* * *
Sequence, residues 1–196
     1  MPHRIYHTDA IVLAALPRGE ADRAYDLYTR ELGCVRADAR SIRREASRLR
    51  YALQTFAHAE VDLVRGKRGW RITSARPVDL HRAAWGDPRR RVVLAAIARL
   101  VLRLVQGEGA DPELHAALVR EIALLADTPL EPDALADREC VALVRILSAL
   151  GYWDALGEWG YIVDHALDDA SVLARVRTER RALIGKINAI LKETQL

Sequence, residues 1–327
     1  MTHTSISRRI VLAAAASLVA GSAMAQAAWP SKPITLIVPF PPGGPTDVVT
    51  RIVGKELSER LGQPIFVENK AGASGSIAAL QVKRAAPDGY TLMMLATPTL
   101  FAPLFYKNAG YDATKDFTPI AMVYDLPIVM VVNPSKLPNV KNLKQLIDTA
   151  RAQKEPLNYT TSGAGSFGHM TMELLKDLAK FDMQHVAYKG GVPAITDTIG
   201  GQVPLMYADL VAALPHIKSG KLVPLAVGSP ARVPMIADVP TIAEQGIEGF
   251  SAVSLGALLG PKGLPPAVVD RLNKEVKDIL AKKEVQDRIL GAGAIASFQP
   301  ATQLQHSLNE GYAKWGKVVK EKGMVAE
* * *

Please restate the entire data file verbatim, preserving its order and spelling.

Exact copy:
Sequence, residues 1–196
     1  MPHRIYHTDA IVLAALPRGE ADRAYDLYTR ELGCVRADAR SIRREASRLR
    51  YALQTFAHAE VDLVRGKRGW RITSARPVDL HRAAWGDPRR RVVLAAIARL
   101  VLRLVQGEGA DPELHAALVR EIALLADTPL EPDALADREC VALVRILSAL
   151  GYWDALGEWG YIVDHALDDA SVLARVRTER RALIGKINAI LKETQL

Sequence, residues 1–327
     1  MTHTSISRRI VLAAAASLVA GSAMAQAAWP SKPITLIVPF PPGGPTDVVT
    51  RIVGKELSER LGQPIFVENK AGASGSIAAL QVKRAAPDGY TLMMLATPTL
   101  FAPLFYKNAG YDATKDFTPI AMVYDLPIVM VVNPSKLPNV KNLKQLIDTA
   151  RAQKEPLNYT TSGAGSFGHM TMELLKDLAK FDMQHVAYKG GVPAITDTIG
   201  GQVPLMYADL VAALPHIKSG KLVPLAVGSP ARVPMIADVP TIAEQGIEGF
   251  SAVSLGALLG PKGLPPAVVD RLNKEVKDIL AKKEVQDRIL GAGAIASFQP
   301  ATQLQHSLNE GYAKWGKVVK EKGMVAE